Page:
Short Cash-To-Cash Cycles Will Prove Important as Economy Rebounds

Strategic planning , technology and outsourcing help reduce cash to cash cycles

Cash-to-cash cycles are tied to corporate profitability. The longer the cash cycle, the more time corporate funds are occupied in working capital. A short cash-to-cash cycle signifies good financial flow and ensures cash is on hand for corporate expenditures.

According to Moody's Corporation, non-financial U.S. companies are sitting on $1.84 trillion in cash reserves. Today's unprecedented cash levels are related to recession anxieties, causing unrealistic reductions in capital investment and operating expenditures. Economic improvement and normalization, however, will result in a rapid depletion of cash reserves.

In his annual board letter, U.S. billionaire investor Warren Buffet advised Americans that now is a good time to make major investments despite the gloomy economic environment. Before embarking on major cash depletion, the time is right for evaluating the cash cycle process to ensure cash flow is not adversely affected when spending ramps up.

Cash cycles are effected by three major factors: accounts payable, inventory and accounts receivable. How fast a company gets paid, how it manages inventory and the money it expends all effect a company's cash position.

Improving cash-to-cash cycles, therefore, must include:

Proper inventory management. Accounts receivable cycle reduction. Maximized accounts payable times

Addressing these components requires having the right supply chain management strategies, technology and industry knowledge relevant to your company.

Inventory Management Strategies

The definition of cash-to-cash cycles varies by company. Some companies believe their cash cycles start at product delivery and end at cash. The cycles actually begin further up the supply chain at inventory procurement, when raw materials are purchased, and continue through to receiving cash from sold products. An accurate measurement of the inventory cycle should include raw materials, deposits and work in progress. The "old days" inventory calculation of "average finished goods inventory divided by cost of goods sold" is simply misleading. Calculations should include all inventories, raw material (including in-transit) consignment, fixed cost of production, etc.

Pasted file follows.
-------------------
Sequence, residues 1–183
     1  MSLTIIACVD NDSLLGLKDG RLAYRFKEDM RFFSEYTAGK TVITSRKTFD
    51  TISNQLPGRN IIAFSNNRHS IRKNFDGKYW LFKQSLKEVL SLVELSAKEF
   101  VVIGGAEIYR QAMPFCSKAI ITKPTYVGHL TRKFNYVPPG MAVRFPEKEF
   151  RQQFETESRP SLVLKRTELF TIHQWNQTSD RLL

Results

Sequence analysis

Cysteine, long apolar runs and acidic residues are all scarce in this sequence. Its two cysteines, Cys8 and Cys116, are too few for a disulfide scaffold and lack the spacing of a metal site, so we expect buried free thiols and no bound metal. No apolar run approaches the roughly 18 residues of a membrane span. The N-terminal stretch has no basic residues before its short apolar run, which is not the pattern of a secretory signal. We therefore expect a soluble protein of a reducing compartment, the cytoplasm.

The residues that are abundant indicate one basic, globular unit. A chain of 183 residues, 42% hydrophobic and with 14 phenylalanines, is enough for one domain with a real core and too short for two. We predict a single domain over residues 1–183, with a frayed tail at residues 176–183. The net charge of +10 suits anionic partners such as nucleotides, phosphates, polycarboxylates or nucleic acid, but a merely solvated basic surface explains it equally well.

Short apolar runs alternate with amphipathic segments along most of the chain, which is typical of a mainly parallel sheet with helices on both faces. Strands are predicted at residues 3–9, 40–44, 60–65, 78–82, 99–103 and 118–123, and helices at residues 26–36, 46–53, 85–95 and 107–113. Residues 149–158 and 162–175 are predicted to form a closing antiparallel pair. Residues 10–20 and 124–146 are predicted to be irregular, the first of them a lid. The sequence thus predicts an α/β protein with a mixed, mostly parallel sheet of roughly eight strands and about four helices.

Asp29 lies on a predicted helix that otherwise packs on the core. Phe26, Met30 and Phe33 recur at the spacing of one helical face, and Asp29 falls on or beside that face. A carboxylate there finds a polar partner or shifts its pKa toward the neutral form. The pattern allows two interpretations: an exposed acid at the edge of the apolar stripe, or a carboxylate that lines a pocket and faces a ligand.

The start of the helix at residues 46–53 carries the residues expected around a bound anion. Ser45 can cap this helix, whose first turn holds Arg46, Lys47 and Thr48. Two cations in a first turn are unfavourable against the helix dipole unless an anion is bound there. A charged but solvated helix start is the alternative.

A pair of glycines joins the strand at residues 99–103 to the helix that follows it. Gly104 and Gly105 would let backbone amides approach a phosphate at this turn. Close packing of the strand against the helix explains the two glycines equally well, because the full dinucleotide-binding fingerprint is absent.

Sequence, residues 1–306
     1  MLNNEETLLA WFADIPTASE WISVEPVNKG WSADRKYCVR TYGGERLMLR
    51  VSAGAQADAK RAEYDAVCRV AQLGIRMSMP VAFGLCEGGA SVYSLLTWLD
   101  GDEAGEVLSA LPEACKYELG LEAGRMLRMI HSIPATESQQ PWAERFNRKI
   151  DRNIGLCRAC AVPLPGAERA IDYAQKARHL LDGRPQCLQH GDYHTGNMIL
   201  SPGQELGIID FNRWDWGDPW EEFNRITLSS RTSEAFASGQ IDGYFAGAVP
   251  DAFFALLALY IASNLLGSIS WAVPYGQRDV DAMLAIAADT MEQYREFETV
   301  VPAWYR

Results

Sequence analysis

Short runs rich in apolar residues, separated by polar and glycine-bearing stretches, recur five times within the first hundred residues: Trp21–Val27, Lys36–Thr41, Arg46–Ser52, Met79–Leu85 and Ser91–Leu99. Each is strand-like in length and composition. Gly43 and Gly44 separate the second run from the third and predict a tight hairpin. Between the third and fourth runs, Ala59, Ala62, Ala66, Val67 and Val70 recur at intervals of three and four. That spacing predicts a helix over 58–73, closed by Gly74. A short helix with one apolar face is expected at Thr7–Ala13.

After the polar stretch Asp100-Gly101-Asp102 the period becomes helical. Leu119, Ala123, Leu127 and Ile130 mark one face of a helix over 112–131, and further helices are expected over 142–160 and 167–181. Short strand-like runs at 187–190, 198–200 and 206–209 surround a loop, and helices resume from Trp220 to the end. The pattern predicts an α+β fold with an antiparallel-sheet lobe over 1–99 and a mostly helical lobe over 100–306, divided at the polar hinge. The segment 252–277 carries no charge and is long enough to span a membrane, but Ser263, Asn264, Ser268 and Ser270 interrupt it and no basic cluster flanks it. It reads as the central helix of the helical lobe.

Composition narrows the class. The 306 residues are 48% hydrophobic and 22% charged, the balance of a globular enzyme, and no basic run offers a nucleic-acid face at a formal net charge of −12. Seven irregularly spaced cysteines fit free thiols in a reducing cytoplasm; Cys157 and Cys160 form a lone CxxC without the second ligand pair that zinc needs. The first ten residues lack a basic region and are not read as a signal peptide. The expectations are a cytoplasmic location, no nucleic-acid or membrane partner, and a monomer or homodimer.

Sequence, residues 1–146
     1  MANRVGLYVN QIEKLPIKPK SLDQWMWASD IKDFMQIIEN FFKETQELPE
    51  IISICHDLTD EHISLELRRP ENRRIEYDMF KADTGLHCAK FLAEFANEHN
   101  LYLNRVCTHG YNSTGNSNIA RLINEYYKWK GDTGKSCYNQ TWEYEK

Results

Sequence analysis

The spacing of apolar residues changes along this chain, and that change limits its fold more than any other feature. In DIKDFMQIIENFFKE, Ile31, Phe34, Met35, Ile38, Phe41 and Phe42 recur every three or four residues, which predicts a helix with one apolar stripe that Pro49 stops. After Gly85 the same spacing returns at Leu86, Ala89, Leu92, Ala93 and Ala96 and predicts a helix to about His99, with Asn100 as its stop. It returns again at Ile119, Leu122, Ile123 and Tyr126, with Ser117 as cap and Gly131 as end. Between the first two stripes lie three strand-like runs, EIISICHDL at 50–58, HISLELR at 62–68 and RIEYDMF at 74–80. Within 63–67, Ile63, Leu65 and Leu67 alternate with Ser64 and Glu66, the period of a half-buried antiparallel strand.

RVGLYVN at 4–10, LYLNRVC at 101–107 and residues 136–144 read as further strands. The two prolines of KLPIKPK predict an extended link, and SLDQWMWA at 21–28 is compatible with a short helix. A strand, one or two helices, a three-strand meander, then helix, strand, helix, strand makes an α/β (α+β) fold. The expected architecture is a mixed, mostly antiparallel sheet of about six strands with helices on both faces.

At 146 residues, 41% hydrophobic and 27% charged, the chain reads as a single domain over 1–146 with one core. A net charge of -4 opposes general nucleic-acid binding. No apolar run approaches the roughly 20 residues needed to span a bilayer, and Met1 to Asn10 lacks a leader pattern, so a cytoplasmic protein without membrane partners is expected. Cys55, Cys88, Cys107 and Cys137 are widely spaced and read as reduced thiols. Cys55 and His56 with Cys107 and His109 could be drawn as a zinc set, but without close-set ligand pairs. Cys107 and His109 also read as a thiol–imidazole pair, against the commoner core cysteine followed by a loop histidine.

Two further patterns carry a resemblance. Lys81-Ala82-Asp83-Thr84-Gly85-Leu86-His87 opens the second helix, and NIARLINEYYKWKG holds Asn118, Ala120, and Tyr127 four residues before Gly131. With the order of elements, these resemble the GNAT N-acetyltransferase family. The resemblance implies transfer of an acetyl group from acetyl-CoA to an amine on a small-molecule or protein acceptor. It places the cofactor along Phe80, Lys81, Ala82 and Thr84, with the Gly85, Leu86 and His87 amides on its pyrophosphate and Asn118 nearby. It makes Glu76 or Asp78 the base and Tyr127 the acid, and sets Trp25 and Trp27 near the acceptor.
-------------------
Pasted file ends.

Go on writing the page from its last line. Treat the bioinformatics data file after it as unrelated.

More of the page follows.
Cash cycle management, therefore, begins at initial inventory procurement. With the worldwide economic labyrinth ever growing and with intensified competition, inventory procurement becomes a global venture. Efficiently managing inventory on a global basis often requires outsourced expertise as many companies do not fully comprehend or have the personnel to manage all aspects of it. A third party logistics consultant that understands the chemical industry and its protocols can support chemical shippers in this effort.

For example, consider a widely-distributed material such as TiO2 (titanium dioxide) that has more than 100 worldwide suppliers and a ongoing price surge in America. A 35 percent price differential exists among vendors, depending on quality and country of origin. When attempting to buy this product from supplier sources around the world, a chemical company can face a variety of overseas procurement nightmares from expensive letter of credits, logistics problems, quality control and reliability.

Strategic planning can avoid such problems during the procurement process. Many third-party logistics consultants offer experience in developing sound processes that ensure timely and efficient product delivery and procurement. Strategies may include purchasing product at FOB (freight on board) destinations, establishing foreign trade zone (FTZ) warehouses, arranging customs automated clearinghouse (ACH) and making payments - without letter of credits that tie up liquidity in working capital.

Receivable Management Strategies